Q&A: How an unexpected credit score drop could signal a serious problem

Dear Liz: I pay off each of my credit card purchases online, usually within a few days. My monthly statement balance is usually $0 even though I use the card frequently. The card is my only open credit account. I saw my credit score recently and it has dipped below 650. It used to be over 800 several years ago. Is my diligence hurting my score? Should I wait to pay off my card until the statement posts? Is there another way to improve my credit?

Answer: A drop that drastic may indicate a more serious problem, such as a late payment or a collection account. Please check your credit reports at all three credit bureaus at AnnualCreditReport.com. (Enter the exact name in your browser as there are many look-alike sites that will try to charge you for what should be free access to your reports. If you’re asked for a credit card number, you’re on the wrong site.) Unexpected credit score drops can be an indication of fraud, so do this as soon as possible.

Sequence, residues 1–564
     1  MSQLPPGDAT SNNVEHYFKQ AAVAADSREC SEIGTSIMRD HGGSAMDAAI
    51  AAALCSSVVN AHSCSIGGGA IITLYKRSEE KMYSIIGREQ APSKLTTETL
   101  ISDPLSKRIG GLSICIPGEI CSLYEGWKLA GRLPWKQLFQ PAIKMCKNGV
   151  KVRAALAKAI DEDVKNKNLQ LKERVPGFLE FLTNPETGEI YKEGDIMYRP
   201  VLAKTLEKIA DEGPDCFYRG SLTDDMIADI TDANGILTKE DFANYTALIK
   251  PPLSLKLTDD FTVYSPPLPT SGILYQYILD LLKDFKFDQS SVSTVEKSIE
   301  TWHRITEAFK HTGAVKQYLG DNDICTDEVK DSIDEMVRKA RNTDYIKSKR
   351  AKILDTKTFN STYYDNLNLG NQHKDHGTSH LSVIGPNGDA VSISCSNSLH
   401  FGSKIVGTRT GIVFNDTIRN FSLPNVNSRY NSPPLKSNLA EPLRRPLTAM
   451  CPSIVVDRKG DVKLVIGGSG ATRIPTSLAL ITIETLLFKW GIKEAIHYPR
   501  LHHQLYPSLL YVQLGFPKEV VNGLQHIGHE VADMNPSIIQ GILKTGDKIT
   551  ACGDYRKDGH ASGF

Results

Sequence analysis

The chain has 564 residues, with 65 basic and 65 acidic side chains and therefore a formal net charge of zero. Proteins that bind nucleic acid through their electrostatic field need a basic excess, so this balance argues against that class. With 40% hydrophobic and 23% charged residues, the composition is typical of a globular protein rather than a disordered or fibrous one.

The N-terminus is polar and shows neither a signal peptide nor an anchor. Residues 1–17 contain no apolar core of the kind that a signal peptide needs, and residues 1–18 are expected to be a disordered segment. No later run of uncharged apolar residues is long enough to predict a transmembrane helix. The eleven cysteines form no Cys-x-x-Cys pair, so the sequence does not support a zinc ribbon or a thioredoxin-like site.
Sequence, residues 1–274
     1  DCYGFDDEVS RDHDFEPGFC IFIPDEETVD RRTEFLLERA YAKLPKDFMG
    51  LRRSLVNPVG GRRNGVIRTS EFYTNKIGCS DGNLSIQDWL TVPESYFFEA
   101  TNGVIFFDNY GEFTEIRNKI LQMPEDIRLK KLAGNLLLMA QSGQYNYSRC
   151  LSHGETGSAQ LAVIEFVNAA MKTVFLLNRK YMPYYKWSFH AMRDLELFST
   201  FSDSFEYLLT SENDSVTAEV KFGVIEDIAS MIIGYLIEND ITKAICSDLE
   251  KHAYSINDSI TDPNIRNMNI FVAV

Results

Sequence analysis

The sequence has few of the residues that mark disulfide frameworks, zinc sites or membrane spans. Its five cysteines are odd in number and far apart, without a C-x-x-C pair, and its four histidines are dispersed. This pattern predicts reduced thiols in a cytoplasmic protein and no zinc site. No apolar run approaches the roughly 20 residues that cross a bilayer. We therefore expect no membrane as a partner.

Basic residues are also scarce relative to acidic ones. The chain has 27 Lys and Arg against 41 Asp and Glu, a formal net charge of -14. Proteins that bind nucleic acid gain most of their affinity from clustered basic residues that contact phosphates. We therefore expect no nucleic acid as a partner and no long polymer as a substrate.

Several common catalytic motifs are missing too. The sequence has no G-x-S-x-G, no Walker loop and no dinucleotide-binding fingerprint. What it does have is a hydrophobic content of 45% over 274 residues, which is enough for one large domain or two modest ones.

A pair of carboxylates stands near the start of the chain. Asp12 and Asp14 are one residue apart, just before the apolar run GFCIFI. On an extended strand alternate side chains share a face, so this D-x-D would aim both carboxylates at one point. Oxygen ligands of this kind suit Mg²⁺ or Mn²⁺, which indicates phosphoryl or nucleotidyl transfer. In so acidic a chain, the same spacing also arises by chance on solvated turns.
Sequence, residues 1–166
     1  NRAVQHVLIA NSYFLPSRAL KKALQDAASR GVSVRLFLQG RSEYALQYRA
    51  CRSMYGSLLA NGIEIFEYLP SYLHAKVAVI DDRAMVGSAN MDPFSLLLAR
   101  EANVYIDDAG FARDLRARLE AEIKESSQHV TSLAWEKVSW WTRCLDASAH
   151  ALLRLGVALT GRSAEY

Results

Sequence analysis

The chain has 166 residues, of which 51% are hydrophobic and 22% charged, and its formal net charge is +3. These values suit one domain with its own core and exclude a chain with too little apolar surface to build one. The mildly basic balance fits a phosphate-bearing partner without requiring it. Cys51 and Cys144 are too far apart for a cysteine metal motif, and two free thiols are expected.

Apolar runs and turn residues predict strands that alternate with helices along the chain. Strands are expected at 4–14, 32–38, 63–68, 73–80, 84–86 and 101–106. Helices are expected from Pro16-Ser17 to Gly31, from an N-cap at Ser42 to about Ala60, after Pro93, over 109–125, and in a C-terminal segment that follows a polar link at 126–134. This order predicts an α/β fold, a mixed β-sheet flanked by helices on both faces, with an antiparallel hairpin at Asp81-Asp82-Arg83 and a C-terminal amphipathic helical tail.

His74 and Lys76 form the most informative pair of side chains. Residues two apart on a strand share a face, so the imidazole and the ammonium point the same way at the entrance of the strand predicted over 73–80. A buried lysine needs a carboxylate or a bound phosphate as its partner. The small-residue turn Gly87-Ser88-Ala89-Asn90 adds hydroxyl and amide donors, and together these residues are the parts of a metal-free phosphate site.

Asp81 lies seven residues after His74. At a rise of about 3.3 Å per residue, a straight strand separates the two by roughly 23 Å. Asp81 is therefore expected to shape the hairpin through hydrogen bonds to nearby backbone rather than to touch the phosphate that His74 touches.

If you don’t see anything suspicious, then you probably can blame your habit of leaving a zero balance and having only one card. You don’t have to carry credit card debt to have good scores, but a small balance on the statement closing date helps indicate to credit scoring formulas that you are actively using your account. You can and should pay the balance off in full before the due date to avoid interest charges. Adding another credit account or two should further strengthen your scores.

You didn’t mention which score you saw (you have many) or where you got it, but consider monitoring at least one of your scores so you can gauge your progress. Banks and credit card companies often offer free scores. If yours don’t, consider signing up for another service that offers free scores. Discover, for example, offers free FICO scores to everyone, not just its own customers.

Q&A: Living trust setup costs

Dear Liz: A friend of mine contacted an estate planning attorney to do a living trust. The attorney gave her an estimate of $5,900 for this job. My friend is single, never married, no children, does not own property or a business. She has no complex financial situations. She does have a financial planner, who she works with on her investments and retirement funds. I am also thinking of doing a living trust with an attorney, and my situation is similar to my friend’s — very simple. However, I can’t afford $6,000 to do a trust or will. Is this a reasonable cost for a simple estate? It seems high to me; should it be more in the range of $2,500?

Answer: Your friend’s experience is why many people put off estate planning or opt for do-it-yourself solutions when they would really benefit from an experienced attorney’s advice.